Todd and other supporters said that the change would allow for the people to have more control over the process, by having elected representatives make the decision.

“Our current process is undemocratic. Out of a state population of almost three million only about 10,000 people, all lawyers, get the option to cast a ballot to fill a vacancy on the nominating commission,” Rep. John Rubin (R-Shawnee) said. “Not all of them vote. The average vote is between 2,500 to 3,000 people.”

Supporters also framed that the debate as one where the Legislature was giving the residents of Kansas the first statewide vote on a model to pick Supreme Court justices since the current model was adopted in 1958.

Todd said that the amendment was not about Brownback or a more conservative court, noting that Brownback will be term limited in 2018. He also said that since the 1958 model was adopted the state has had a Democratic governor for 29 years and a Republican governor for 26 years.

Todd said the amendment originated from Attorney General Derek Schmidt (R) during his tenure as a state legislator in 2005 when Democrat Kathleen Sebelius was governor.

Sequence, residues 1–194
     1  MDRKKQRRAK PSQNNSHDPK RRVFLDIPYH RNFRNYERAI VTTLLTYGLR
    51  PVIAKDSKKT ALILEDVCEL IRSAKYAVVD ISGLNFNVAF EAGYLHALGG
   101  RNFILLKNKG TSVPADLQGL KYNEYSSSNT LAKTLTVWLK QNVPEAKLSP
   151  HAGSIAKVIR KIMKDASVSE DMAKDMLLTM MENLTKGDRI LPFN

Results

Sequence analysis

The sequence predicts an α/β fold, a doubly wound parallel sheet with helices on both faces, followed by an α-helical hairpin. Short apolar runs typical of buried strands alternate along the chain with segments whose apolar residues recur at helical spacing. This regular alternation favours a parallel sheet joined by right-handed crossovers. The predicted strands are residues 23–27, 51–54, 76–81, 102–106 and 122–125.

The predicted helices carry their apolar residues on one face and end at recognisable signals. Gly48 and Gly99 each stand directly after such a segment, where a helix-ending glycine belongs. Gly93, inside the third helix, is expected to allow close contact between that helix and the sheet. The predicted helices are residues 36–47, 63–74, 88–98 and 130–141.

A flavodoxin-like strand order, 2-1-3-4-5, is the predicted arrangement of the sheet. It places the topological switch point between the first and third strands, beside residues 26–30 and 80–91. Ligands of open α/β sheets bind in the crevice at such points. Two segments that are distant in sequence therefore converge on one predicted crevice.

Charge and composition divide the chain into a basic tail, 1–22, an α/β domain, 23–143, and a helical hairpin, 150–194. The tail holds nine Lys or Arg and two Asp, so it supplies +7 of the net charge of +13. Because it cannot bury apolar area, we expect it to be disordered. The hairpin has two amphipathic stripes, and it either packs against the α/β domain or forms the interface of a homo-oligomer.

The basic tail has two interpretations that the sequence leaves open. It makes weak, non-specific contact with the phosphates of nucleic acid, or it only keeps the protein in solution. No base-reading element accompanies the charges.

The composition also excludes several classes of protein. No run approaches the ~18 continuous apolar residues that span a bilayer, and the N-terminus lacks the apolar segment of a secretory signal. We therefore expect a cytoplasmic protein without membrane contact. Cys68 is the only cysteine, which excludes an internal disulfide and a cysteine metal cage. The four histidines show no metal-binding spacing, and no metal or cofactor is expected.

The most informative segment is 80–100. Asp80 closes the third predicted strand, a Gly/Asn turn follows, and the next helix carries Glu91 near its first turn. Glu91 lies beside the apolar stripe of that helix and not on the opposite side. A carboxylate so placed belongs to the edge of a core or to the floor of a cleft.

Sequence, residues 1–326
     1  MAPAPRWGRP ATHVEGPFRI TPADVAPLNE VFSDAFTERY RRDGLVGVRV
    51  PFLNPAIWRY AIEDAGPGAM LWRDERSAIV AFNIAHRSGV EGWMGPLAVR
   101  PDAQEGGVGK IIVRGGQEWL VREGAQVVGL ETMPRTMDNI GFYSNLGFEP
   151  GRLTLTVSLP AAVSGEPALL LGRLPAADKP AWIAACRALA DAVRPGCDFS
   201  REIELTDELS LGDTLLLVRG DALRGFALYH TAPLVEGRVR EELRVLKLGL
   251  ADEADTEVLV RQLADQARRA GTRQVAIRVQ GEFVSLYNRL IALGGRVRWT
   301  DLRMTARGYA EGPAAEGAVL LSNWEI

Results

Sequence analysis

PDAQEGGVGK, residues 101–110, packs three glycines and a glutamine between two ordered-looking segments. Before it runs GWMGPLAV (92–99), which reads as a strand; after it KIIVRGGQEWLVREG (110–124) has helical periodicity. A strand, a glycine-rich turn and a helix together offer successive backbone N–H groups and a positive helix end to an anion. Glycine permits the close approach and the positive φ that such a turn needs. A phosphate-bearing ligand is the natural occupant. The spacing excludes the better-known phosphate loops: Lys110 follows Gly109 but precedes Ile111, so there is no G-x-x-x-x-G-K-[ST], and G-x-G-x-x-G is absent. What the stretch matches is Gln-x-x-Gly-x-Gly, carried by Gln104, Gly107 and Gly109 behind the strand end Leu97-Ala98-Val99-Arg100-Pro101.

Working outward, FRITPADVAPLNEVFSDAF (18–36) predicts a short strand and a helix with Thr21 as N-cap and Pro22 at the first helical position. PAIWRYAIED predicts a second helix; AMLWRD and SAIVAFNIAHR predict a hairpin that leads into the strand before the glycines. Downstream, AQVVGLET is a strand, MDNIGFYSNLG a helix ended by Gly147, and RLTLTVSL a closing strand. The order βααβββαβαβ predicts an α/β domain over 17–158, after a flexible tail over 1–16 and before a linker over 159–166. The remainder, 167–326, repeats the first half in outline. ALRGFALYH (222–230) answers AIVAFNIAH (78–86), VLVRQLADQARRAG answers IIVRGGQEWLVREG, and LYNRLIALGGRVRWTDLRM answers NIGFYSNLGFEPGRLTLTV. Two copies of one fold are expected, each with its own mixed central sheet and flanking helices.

Opponents of the measure – who included both Democrats and moderate Republicans – said that the current system has worked in the state. They said that it has allowed for a screening process to go into the system and not have a system where the governor could reward political cronies with seats on the bench.

“A lot of folks say that the process we have in KS is unique or unusual,” Rep. John Carmichael (D-Wichita), the top Democrat on the House Judiciary Committee, said. “We have tried to achieve a balance between the voice of the people while at the same time protecting the minority of what our founding fathers said is the tyranny of the majority.”

Out of states with judicial nominating commissions, Kansas is the only one where the state bar picks the majority of the members.